(CBS) This story was written by CBSNews.com political reporter David Miller.
Democrats Hillary Clinton and Barack Obama were running a tight race on Super Tuesday, with Obama leading in the race for states, but Clinton holding a small edge in the battle for convention delegates.
Clinton racked up early victories in Massachusetts and five other states in early results from Super Tuesday balloting in 22 states, according to CBS News projections.
The former first lady is also projected to win in Oklahoma, Tennessee, New Jersey, New York -- which she has represented in the Senate since 2001 -- and Arkansas, where her husband, former President Bill Clinton, once served as governor.
Obama is projected to win eight states: Georgia, Alabama, his home state of Illinois, and the Northeast states of Connecticut and Delaware -- both once viewed as Clinton strongholds. He is also projected to win the caucuses in North Dakota, Minnesota and Kansas, where he had the endorsement of the state's popular female governor and family roots on his mother's side.
Clinton's win in Massachusetts is significant, coming after Sen. Edward M. Kennedy and several other members of the Kennedy clan made very public endorsements of Obama and campaigned on this behalf. CBS News exit polling in the state indicates that Kennedy's endorsement was considered important, particularly among Hispanics, but wasn't enough to overcome Clinton's large advantage among women voters.
But Obama's win in Connecticut also carries weight, coming in Clinton's own backyard. CBS News correspondent Jim Axelrod reported the campaign was playing down Obama's victory, though they said earlier in the night that the results there and in Massachusetts would serve as bellwethers.
CBS News correspondent Peter Maer reports that David Axelrod, Obama's senior adviser, put a positive spin on the night's mixed outcome, saying it defied predictions from earlier in the campaign that the day's voting would wrap up the nomination for Clinton.
"This was the night that Hillary Clinton announced she was going to close out our campaign and that's hardly happened," Axelrod said. "We're in a strong strong position coming out of this night."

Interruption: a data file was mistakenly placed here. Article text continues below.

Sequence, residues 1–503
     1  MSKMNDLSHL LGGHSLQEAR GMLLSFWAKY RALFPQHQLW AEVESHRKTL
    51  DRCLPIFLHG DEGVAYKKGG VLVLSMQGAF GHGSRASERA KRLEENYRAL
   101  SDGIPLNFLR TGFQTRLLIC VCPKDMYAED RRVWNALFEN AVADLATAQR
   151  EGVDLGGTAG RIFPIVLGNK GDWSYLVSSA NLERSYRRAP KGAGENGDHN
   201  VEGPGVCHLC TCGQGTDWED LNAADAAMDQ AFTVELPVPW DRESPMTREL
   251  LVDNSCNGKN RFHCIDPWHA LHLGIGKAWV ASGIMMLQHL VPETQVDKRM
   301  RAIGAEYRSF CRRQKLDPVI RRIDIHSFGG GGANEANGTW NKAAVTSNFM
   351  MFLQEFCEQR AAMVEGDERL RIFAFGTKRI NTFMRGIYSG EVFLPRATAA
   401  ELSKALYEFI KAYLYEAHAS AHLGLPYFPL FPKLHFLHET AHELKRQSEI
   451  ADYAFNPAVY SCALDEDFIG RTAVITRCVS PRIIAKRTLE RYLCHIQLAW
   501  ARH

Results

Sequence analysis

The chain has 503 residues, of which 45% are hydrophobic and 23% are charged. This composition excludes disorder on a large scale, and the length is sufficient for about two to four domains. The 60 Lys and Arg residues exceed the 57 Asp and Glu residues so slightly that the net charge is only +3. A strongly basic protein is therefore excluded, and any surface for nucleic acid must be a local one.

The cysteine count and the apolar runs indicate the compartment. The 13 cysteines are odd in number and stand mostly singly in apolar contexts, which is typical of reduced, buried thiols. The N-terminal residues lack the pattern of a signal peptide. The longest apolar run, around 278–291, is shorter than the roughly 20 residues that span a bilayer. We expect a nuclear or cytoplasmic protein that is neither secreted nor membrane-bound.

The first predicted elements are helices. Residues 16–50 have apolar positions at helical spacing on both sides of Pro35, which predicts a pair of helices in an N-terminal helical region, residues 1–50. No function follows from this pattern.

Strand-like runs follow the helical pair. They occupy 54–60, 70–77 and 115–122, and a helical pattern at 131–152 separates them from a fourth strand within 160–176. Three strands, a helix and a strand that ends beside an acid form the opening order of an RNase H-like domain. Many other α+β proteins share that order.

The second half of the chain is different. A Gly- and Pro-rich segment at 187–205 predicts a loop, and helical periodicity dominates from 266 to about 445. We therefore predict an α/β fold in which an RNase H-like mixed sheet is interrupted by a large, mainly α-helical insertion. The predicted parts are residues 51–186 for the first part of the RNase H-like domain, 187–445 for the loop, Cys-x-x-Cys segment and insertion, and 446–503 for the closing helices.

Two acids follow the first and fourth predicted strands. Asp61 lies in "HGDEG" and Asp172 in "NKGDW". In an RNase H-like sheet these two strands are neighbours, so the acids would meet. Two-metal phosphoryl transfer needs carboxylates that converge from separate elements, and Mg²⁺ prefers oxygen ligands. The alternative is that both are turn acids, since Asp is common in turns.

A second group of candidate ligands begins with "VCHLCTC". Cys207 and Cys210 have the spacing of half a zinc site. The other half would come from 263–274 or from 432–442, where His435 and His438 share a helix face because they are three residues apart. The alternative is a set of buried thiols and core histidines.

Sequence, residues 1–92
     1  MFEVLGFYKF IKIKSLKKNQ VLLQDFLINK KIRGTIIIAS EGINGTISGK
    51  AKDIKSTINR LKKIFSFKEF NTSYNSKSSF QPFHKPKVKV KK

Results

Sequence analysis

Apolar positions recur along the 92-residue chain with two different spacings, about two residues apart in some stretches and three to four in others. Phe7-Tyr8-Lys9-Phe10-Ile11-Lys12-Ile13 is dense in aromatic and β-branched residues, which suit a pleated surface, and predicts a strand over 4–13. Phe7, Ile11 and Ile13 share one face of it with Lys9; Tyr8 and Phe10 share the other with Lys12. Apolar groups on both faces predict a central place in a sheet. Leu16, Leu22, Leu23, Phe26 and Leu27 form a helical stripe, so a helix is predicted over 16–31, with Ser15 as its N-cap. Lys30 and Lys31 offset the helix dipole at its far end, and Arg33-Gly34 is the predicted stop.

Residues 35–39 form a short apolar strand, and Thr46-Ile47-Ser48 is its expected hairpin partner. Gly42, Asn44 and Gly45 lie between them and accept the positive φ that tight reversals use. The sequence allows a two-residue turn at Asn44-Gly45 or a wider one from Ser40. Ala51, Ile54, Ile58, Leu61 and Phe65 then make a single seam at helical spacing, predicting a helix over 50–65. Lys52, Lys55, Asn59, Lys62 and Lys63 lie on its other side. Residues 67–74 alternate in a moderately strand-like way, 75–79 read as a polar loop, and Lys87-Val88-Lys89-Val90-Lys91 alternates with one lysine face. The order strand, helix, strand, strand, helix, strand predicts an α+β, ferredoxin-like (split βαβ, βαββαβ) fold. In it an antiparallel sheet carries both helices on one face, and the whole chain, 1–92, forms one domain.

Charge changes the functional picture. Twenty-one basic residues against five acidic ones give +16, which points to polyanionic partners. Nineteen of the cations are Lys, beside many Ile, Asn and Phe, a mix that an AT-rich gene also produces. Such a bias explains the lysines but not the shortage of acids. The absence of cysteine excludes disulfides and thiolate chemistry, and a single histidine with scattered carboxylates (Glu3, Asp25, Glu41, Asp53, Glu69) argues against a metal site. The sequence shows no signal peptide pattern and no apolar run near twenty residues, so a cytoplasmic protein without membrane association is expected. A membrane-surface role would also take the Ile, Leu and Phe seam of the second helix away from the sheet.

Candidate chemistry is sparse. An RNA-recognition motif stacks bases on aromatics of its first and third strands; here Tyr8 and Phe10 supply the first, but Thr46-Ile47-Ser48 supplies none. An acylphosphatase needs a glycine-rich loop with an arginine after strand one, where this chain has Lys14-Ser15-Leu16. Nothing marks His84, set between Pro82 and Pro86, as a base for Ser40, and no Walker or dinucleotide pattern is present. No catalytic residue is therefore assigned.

He expected Obama and Clinton to be "roughly even" in the delegate count once the night's votes were tabulated, while also playing down the loss in Massachusetts.
"Massachusetts was Bill Clinton's number one state the last time he ran," he said. "It was a strong base for the Clinton's. We always knew it was an uphill climb."
CBS News estimates that Clinton has won 318 of the night's available delegates compared to Obama's 279. Overall, Clinton has won 577 delegates and Obama 460, with more than 1,000 yet to be allocated. Party rules require a candidate to win 2,025 delegates to secure the nomination. Click here to see the delegate scorecard.
The results were the first of many to come in on the largest primary night in the nation's history. Clinton and Obama are competing in primaries and caucuses in 22 states, both seeking to gain an advantage in the delegate race that will determine the party's nominee.
According to nationwide early exit polling, nearly half of Democratic voters said the economy was their top priority, and more than 90 percent said they thought the economy was in bad shape.
Just over half, 51 percent, said the ability to bring change was the most important quality in a candidate, with 23 percent citing experience.
Obama also scored the first public relations victory of the day, dominating a vote of Democrats living abroad in Indonesia, where Obama lived as a child.
The Obama campaign had been lowering expectations for days but was privately hoping for a big night, CBS News correspondent Dean Reynolds reported before the polls closed. Campaign manager David Plouffe has said he would consider the night a win if Obama finished within 100 delegates of Clinton.
There was substantial worry within the Clinton camp that the candidate might be in for a bad night, according to CBS News correspondent Jim Axelrod, who said the campaign was also less confident about results in California than they had been in recent days.
A senior Clinton aide told CBS News that the outcomes in Missouri in the Midwest, and Arizona and New Mexico in the West may be bellwethers for the rest of the evening.
Both have been running confident, diligent campaigns headed into Tuesday's voting - a reflection of the fact that neither Democrat is expected to come out of Super Tuesday with a significant edge over the other once the results are tallied.